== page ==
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As you probably know, C++ has no standard graphics library. Most games use DirectX or OpenGL.

But how do those libraries actually work? In other words, how can the third-party libraries draw graphics if there's no mechanism for it in C++? Are they just written in another language?

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3 Answers 3

up vote 6 down vote accepted

Specifically DirectX and OpenGL work by calling the operating system and/or the video hardware driver. The driver, in turn, does the actual drawing by interacting with the graphical device. The exact details of interaction vary from one video card to another.

Back in the DOS days, C++ programmers could work with the hardware directly. This was accomplished in two ways. First, by writing to/reading from a special memory block ("framebuffer") where the pixels or text were stored. It was a span of memory at a known address, so to work with it you had to cast an integer constant to a pointer and work with that pointer. Purely C++ mechanism. The other way of interaction was reading from/writing to I/O ports. Now, this is a mechanism that is not directly supported by C, unless you wanna count inline assembly or compiler intrinsics. There were two library functions that would wrap these two operations (literally, wrappers around two CPU commands - INP and OUTP), but most programmers would just use a one-line inline assembly snippet instead.

Even now, most video hardware interaction boils down to these two pathways - framebuffer and I/O ports (DMA and interrupts are typically not used for graphics). But we application-level programmers don't get to see those. This is driver stuff.

One modern caveat has to do with protected mode; in protected mode, the C pointers are not the same as underlying physical addresses. Simply typecasting 0xA0000 to a pointer won't get you to a framebuffer, even in kernel mode. However, kernel-level code (i. e. a driver) can request that the memory manager give it a pointer that corresponds to a specific physical address.

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Are you sure about DMA not being used? ISTR something about running out of graphics memory and paging textures from/to main memory. –  MSalters Feb 4 '11 at 9:28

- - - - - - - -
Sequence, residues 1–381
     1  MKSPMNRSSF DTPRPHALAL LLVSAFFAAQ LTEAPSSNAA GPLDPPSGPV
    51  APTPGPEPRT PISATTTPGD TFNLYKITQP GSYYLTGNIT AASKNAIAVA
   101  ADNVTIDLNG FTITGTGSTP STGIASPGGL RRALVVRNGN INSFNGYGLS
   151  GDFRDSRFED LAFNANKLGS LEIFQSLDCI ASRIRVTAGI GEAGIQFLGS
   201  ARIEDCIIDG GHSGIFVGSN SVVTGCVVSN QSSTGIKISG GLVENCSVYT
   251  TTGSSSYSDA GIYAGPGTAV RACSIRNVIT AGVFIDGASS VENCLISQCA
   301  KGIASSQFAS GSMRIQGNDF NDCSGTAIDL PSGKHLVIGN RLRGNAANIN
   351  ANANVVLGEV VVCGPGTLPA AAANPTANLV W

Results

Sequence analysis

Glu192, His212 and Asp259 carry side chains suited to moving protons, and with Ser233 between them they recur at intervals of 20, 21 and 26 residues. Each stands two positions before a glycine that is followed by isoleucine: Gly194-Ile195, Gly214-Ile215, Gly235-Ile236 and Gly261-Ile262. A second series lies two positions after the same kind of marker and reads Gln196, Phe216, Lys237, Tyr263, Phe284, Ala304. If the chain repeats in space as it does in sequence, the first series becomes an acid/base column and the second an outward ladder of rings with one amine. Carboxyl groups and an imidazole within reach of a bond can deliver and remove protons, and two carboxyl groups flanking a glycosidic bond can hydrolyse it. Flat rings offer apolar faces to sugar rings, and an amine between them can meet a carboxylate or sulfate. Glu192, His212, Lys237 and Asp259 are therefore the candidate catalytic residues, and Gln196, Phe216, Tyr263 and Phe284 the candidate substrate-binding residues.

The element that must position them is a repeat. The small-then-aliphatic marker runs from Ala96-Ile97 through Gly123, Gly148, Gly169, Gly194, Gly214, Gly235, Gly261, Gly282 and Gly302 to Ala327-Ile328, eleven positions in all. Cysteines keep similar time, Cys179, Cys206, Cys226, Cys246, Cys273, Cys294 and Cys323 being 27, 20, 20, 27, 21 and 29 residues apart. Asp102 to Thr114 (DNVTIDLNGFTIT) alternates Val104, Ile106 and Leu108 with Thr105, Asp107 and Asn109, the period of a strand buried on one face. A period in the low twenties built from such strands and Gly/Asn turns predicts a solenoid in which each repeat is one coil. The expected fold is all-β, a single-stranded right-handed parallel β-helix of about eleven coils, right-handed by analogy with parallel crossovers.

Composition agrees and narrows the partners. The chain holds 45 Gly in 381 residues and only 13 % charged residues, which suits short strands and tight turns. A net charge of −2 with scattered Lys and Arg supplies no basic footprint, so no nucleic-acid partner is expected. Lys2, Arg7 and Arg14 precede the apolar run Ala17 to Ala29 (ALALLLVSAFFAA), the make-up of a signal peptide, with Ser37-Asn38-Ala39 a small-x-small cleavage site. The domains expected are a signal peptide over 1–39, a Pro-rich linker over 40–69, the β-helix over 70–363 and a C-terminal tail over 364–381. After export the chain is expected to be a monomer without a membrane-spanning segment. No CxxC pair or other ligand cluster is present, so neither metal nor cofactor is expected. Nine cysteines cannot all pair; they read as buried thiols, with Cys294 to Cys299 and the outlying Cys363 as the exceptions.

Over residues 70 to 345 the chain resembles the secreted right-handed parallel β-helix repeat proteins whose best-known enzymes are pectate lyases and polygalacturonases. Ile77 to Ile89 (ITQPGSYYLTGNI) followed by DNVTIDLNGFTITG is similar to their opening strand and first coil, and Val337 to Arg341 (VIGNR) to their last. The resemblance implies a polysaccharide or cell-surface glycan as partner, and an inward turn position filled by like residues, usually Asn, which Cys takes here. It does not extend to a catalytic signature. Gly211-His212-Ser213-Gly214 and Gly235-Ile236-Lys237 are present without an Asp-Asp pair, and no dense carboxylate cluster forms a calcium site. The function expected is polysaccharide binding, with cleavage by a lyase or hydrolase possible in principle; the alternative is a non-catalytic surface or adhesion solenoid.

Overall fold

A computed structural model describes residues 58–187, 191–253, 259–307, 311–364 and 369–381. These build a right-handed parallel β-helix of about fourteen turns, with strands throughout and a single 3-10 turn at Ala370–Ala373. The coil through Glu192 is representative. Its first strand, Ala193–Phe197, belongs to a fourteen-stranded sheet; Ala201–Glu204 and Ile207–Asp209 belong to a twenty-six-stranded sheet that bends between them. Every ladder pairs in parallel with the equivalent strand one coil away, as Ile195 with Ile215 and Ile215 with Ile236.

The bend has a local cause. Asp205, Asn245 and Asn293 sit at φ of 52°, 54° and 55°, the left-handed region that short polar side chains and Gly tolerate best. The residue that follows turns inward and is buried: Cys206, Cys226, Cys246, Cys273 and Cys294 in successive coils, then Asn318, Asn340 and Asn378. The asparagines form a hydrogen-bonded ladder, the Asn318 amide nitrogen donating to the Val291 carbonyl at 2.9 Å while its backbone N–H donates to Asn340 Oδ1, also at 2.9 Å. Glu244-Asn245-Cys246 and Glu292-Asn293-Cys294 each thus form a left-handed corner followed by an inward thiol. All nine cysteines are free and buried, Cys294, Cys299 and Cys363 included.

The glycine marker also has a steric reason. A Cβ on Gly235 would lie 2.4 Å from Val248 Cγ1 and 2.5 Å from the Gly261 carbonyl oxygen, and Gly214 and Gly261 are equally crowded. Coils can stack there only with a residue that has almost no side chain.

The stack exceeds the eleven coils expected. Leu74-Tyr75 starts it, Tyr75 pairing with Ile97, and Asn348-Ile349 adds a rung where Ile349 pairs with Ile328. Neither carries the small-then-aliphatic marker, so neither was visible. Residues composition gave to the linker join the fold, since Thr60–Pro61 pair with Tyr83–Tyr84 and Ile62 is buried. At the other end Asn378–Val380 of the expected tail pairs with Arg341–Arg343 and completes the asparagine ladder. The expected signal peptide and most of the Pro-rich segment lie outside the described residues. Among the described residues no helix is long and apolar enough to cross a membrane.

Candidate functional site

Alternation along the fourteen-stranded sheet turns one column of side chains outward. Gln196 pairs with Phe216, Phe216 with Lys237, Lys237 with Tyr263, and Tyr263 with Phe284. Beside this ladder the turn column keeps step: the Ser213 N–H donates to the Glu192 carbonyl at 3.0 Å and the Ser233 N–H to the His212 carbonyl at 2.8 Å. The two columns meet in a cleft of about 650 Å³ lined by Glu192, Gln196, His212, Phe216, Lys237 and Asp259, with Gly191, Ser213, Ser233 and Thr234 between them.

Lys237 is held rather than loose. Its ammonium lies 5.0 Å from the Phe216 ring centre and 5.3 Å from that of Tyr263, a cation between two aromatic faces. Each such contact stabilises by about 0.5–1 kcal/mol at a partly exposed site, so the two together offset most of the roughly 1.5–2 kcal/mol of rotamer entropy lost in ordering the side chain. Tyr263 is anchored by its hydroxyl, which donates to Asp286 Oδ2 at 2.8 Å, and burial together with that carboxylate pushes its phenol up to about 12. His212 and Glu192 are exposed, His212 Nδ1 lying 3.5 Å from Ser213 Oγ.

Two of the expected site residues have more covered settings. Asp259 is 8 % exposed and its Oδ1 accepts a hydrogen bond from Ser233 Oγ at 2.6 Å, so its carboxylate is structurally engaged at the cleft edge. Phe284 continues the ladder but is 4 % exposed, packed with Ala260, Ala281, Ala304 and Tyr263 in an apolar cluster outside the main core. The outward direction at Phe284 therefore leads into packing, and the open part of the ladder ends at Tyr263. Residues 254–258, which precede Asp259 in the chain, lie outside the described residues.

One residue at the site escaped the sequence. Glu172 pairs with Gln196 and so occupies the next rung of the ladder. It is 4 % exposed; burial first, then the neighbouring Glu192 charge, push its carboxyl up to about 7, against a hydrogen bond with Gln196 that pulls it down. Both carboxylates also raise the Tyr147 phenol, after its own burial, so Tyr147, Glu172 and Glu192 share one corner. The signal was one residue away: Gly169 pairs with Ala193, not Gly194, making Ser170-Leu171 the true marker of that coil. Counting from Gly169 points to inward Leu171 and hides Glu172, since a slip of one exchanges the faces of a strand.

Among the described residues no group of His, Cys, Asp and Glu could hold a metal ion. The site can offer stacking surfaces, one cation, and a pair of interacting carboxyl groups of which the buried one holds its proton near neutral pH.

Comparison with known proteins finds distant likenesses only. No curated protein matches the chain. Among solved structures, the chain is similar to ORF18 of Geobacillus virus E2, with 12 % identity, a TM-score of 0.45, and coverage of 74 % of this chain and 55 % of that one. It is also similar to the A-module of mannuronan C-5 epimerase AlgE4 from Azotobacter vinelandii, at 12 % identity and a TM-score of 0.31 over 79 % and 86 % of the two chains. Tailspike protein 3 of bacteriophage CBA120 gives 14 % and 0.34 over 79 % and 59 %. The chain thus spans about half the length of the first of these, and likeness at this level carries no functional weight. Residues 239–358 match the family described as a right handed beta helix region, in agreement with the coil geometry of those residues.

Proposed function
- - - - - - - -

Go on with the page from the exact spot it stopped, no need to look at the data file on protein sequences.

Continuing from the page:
DMA is usually for stream devices who emit bytes one by one - hard drives and network cards. But anyway, "using" DMA from the software side boils down to port I/O, specifying a memory address to read from/write into in some of them. The rest is done by the device itself. –  Seva Alekseyev Jan 25 '13 at 14:17

They will transfer their calls to the driver which will send them to the graphic card.

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DirectX and OpenGL opperate on a pretty low level. That is you say "draw a triangle, now draw a square". Normally programmers then wrap these calls into C++ classes that provide higher level functionality, such as "Draw a model, draw a tree". This is known as an engine.

I'd recommend taking a look at the NeHe tutorials for more info: http://nehe.gamedev.net/


So for example a call to draw a triangle in OpenGL looks like this:

GLBegin(BEGIN_POLYGONS);
GLVector3(0,0,0);
GLVector3(10,10,0);
GLVector3(-10,10,0);
GLEnd();

And like I said, see the above link to the NeHe tutorials, they are all in C/C++

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An engine is usually an even higher level concept that sits on top of something like a scene graph. –  Eric Feb 3 '11 at 14:24
    
Unless your engine includes you screen graph. Ogre3D, Crystal Space, XNA, and Irrlicht are all engines, and all include screen graphs –  Timothy Baldridge Feb 3 '11 at 14:31
    
But how do they say "draw a triangle?" –  Maxpm Feb 3 '11 at 14:37
1  
By calling standard C functions...See above ^^ –  Timothy Baldridge Feb 3 '11 at 14:40
    
A bit late, but just because an engine includes a scene graph doesn't mean it's not a conceptually separate concept. A scene graph is a data structure to manage rendering 3D data. An engine manages the scene graph content, among other things. –  Eric Jul 27 '11 at 15:04

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